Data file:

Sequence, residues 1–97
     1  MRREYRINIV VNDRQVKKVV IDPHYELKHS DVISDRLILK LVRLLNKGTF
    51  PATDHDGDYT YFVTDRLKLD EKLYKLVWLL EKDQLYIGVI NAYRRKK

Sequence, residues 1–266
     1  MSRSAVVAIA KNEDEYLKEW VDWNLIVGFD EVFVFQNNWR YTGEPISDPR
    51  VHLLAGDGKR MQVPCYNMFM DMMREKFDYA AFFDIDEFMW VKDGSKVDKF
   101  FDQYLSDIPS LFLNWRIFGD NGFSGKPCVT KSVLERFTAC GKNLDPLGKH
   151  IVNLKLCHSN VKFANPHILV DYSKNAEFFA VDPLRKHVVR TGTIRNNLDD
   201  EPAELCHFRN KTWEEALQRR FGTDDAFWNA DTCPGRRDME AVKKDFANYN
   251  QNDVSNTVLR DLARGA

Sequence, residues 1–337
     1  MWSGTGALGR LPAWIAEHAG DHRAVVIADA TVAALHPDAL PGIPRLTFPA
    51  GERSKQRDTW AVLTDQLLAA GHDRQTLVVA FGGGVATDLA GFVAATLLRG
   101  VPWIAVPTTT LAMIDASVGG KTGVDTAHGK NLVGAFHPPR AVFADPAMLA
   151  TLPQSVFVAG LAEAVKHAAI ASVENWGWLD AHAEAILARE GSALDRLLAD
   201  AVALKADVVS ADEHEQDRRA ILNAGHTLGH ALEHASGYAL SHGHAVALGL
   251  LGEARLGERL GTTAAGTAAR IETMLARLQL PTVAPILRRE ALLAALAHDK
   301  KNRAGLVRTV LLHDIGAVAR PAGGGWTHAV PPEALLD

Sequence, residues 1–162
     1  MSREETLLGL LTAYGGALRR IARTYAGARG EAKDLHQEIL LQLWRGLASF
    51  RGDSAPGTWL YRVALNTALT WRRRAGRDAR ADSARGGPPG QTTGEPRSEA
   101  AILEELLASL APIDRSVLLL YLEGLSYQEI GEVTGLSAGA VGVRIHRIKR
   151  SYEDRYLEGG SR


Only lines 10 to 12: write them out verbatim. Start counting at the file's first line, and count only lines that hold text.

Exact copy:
   251  QNDVSNTVLR DLARGA

Sequence, residues 1–337
     1  MWSGTGALGR LPAWIAEHAG DHRAVVIADA TVAALHPDAL PGIPRLTFPA